5. St Mark's Campanile – St Mark's Campanile is the bell tower of St Mark's Basilica in Venice, Italy, located in the Piazza San Marco. It is one of the most recognizable symbols of the city. The tower stands alone in a corner of St Mark's Square, near the front of the basilica. The belfry is topped by a cube, alternate faces of which show the female representation of Venice. The tower is capped by a pyramidal spire, at the top of which sits a golden weathervane in the form of the archangel Gabriel. The campanile reached its present form in 1514. The current tower was reconstructed after the collapse of 1902. Construction was finished during the reign of Domenico Morosini. One of the models for the tower was the St. Mercuriale's Campanile, in Forlì. The campanile suffered damage on many occasions. It was severely damaged in 1388, set on fire and seriously damaged by a fire in 1489 that destroyed the wooden spire. The campanile assumed its definitive shape in the sixteenth century thanks to the restorations made to repair further damage caused by the earthquake of March 1511. In the following centuries other interventions were made to repair the damage from fires caused by lightning. It was damaged in 1565. In 1653, Baldassarre Longhena took up the restorations.St Mark's Campanile – The Campanile seen from St. Mark's Square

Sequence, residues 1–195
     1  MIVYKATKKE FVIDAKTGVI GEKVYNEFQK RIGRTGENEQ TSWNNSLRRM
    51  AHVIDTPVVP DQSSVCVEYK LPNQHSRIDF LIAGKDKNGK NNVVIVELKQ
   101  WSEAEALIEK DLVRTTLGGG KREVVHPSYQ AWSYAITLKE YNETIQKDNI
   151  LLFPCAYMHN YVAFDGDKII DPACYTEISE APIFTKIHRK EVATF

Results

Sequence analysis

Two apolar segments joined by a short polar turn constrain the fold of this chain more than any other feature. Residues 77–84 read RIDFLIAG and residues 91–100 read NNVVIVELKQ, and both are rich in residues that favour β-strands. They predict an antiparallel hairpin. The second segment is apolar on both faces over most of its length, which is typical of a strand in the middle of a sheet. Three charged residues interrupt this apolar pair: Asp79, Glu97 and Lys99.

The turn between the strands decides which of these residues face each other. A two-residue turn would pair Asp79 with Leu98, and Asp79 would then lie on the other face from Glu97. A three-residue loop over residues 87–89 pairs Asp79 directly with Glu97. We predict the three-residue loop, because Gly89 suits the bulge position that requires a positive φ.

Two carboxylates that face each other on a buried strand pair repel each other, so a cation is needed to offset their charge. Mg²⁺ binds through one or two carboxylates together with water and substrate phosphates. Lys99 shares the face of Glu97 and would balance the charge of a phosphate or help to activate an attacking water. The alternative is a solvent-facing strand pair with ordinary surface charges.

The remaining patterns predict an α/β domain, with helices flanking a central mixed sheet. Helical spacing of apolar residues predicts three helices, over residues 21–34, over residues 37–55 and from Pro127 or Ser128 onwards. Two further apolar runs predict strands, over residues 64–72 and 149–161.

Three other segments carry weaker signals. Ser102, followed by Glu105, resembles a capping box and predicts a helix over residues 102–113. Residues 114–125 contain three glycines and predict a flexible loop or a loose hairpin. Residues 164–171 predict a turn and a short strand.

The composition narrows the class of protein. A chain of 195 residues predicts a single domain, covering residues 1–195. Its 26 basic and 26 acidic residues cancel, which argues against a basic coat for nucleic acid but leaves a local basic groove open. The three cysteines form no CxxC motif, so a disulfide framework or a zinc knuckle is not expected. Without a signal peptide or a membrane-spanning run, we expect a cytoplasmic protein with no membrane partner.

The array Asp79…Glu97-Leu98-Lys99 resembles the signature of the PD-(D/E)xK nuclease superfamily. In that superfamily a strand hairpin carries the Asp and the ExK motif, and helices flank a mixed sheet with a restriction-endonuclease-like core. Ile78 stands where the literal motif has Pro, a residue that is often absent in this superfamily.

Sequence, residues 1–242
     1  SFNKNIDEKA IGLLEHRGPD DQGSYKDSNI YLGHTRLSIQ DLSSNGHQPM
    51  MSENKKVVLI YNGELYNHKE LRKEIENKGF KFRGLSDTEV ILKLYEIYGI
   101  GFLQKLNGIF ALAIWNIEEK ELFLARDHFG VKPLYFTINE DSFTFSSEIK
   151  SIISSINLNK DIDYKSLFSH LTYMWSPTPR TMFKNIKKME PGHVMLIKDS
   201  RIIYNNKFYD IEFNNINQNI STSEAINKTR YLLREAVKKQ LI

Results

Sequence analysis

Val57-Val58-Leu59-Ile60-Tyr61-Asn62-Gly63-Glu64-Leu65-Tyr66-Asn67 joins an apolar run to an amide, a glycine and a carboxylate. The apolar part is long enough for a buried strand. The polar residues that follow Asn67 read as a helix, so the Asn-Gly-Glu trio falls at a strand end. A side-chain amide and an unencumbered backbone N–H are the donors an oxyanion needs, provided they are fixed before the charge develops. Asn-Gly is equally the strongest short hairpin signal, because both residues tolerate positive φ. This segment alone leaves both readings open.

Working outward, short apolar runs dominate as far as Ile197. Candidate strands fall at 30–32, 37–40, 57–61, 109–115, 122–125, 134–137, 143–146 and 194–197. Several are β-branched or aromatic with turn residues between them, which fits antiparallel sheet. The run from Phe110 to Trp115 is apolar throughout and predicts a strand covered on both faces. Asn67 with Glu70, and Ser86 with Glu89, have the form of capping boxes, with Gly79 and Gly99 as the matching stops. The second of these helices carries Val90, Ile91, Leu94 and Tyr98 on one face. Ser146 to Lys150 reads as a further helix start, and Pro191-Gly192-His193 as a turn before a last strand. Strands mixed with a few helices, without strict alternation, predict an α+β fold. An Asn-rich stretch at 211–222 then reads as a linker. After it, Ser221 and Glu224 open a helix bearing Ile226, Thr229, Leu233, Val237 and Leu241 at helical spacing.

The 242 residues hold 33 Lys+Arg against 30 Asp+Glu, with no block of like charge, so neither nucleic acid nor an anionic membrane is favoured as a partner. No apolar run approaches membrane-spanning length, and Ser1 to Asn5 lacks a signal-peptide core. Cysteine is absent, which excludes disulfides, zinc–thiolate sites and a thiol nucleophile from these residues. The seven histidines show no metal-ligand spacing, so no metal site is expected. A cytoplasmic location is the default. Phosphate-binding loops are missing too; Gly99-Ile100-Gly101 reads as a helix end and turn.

6. Torrazzo of Cremona – The Torrazzo is the bell tower of the Cathedral of Cremona, Lombardy, in northern Italy. According to popular tradition, construction on the tower began in 754. The seven bells are tuned in the scale of A major, date back to the 18th century. In the Torrazzo's fourth storey resides the largest astronomical clock in the world. The mechanism was built by Giovan Battista Divizioli between 1588. Galeati, G.. Il Torrazzo di Cremona. Cremona. Saracino, M.T.. Il Torrazzo ed il suo restauro. Cremona. Loffi, F.. Il Torrazzo di Cremona. Cremona. Ghidotti, P. Il Torrazzo di Cremona.Torrazzo of Cremona – The Torrazzo.